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Geopolitics

ARABICA - A Daily Shot Of What the Arab World is Saying/Hearing/Sharing

ARABICA - A Daily Shot Of What the Arab World is Saying/Hearing/Sharing
Kristen Gillespie

A R A B I C A ارابيكا

YEMENI ATTACK
*As Yemeni state television aired a photo montage of President Ali Abdullah Saleh accompanied by background music, the crawl beneath reads: "President Saleh, may God protect him, is in good health and reports of his death are untrue." Al Arabiya and other news outlets reported that Saleh had sustained a minor injury to the back of his head during an attack on the presidential compound on Friday. A source in Saleh's ruling party, the General People's Congress, told the network that Saleh escaped an assassination attempt, accusing the opposition and tribesmen loyal to Sadiq al-Ahmar of orchestrating the shooting.

*At least three people were killed on the attack on the presidential compound in Sanaa, including the mosque imam who was leading the prayers for Saleh and other senior officials when the shells hit.

SYRIAN SLAUGHTER
BBC Arabic reports that 34 people were killed during Friday protests in the conservative city of Hama, where President Bashar Assad's father killed up to 20,000 people during an Islamist uprising in 1982. In the accompanying video report, protesters chant, "the Syrian people are one. One, one, one." In another clip, protesters (including small children) walk through the streets chanting, "the people want the regime to fall."

*Internet service was cut in most of the country. But Al Jazeera interviewed an eyewitness in Hama, who breaks down while recounting that dozens of people were killed when Syrian security forces opened fire on the crowds. Why Hama when protests unfolded around the country, the interviews asks. "I don't know, but probably because of the enormous size of the protest in Hama." The eyewitness said at up to 60 people, including children, were killed by live bullets. "It was deliberate, targeted killing," he says.

EGYPTIAN WAGES
*Egypt's Finance Minister Samir Radwan announced that the minimum wage for public-sector employees will go up to $117 per month. The wage hike is a key grievance of protesters who maintain that the current $67 doesn't come close to keeping up with the cost of living. But the higher wage doesn't apply to the private sector, where most of the workforce is employed. The minimum wage struggle is a hot-button issue in Egypt, where it remained at its 1984 rate of $5.89 per month until last November.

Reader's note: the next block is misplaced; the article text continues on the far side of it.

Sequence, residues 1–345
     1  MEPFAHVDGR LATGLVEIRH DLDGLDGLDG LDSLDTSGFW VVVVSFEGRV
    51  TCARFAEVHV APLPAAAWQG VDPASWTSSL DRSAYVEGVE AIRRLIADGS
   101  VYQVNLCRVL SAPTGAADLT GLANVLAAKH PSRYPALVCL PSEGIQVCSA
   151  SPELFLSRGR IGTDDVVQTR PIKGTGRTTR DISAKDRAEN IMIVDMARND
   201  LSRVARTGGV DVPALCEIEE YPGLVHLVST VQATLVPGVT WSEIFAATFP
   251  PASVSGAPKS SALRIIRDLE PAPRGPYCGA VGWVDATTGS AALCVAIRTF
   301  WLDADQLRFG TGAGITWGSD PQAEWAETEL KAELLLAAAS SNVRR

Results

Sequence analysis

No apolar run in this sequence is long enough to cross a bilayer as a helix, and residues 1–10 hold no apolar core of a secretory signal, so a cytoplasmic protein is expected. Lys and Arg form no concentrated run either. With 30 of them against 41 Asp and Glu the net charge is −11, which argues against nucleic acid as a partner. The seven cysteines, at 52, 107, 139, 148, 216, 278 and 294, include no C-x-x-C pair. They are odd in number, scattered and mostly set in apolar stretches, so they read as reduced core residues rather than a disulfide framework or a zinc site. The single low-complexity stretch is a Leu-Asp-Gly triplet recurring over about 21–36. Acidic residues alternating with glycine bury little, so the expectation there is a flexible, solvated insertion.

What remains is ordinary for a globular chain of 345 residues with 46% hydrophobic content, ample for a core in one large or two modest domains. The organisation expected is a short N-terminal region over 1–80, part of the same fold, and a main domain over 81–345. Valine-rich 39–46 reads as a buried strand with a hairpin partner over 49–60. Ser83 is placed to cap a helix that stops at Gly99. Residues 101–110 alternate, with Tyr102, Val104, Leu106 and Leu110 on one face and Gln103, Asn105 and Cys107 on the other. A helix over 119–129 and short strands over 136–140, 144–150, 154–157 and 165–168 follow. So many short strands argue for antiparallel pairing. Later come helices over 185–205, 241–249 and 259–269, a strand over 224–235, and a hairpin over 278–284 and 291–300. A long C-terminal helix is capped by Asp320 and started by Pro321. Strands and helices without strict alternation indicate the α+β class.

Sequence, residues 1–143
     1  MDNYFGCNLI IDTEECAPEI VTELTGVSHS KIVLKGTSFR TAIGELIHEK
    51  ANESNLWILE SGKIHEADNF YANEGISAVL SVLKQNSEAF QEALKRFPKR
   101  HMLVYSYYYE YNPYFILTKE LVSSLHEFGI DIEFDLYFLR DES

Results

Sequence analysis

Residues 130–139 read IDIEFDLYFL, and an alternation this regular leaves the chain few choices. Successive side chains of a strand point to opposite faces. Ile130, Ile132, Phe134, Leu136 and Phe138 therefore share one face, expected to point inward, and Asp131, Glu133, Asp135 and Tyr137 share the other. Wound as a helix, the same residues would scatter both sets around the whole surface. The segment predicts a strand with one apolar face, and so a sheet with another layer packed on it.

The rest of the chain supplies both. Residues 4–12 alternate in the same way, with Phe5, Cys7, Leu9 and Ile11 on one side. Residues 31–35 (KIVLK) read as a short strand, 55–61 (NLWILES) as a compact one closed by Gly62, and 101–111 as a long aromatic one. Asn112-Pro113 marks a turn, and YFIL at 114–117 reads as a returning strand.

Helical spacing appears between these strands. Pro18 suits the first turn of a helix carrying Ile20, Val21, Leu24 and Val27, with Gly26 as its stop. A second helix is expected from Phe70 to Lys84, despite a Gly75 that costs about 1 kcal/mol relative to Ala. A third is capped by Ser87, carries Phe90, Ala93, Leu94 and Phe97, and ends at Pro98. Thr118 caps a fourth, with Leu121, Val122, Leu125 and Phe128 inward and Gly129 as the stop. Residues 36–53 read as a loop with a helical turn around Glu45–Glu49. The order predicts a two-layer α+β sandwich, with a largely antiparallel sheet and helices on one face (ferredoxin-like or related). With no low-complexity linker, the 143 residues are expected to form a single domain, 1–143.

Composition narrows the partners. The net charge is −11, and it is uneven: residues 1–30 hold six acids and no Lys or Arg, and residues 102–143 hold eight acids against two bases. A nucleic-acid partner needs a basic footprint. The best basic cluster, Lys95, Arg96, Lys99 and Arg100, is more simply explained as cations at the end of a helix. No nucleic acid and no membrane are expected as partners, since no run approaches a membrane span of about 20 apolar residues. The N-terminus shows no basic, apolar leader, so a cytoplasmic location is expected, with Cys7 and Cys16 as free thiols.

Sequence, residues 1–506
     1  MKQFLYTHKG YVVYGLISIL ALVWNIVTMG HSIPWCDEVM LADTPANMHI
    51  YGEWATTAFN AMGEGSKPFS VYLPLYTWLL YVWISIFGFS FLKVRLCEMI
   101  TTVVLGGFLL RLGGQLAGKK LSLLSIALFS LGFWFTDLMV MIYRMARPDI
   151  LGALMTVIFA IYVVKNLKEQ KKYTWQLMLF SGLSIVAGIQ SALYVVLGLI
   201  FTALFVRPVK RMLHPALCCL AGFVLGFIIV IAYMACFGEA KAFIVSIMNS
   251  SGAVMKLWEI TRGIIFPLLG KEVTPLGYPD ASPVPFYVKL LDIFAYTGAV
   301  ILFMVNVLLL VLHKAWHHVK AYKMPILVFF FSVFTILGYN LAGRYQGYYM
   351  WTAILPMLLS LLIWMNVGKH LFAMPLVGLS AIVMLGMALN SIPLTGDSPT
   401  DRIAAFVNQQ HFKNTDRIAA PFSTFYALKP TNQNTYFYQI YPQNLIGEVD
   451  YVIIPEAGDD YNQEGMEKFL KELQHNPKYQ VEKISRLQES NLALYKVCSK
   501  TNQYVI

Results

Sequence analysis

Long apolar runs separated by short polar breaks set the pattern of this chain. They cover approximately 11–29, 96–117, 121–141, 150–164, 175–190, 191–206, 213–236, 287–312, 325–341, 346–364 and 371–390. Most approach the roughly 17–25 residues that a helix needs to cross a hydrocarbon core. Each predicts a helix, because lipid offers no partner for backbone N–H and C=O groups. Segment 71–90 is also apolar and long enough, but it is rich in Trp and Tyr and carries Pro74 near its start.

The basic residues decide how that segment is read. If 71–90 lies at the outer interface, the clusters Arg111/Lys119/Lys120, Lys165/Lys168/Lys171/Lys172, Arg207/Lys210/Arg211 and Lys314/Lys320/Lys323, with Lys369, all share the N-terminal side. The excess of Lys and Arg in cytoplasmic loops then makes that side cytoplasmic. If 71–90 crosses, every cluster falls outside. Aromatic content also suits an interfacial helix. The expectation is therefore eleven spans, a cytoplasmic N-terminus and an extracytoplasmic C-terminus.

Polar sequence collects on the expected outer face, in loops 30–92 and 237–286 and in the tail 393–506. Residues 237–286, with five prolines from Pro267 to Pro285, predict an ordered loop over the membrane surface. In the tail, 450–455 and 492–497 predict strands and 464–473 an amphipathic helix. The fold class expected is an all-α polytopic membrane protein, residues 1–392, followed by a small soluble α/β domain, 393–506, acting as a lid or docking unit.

EGYPTIAN ARMY
*Also in Egypt, Field Marshal Hussein Tantawi, the head of the military council ruling the country, said certain unnamed "paid elements' are seeking to "drive a wedge between the people and the army." Tantawi also acknowledged divisions within the armed forces, and said they would be resolved. He pledged that the armed forces would continue to serve as "a protective shield" for Egypt.


June 3, 2011

photo credit: illustir

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Society

In Mexico, Influencers Make Castoff Clothing Cool

Young consumers around the world increasingly seek out secondhand and alternative clothing markets — making Mexico City’s flea markets, or tianguis, suddenly and surprisingly popular.

In Mexico, Influencers Make Castoff Clothing Cool

Moisés Molina, 21, sifts through garments for sale at a stall at tianguis de Las Torres, ineastern Mexico City

Aline Suárez del Real Islas and Mar García

MEXICO CITY — The shouts of vendors mingle at the hodgepodge of stalls selling food, fruit and household items at the tianguis Las Torres, a flea market in eastern Mexico City. Beneath the tents, heaps of clothing are mounded on containers, planks and tubes. People examine garment after garment, holding them up to judge their size and draping their choices over their forearms and shoulders. The vendors watch from above, yelling prices and watching for occasional theft.

Bale clothing, or secondhand clothes, often called “ropa americana” (American clothing) here, is widely available at stalls in the open-air markets, or tianguis, of Mexico City and the State of Mexico. These garments, often illegally smuggled from the United States, used to be an affordable apparel option for Mexican families.

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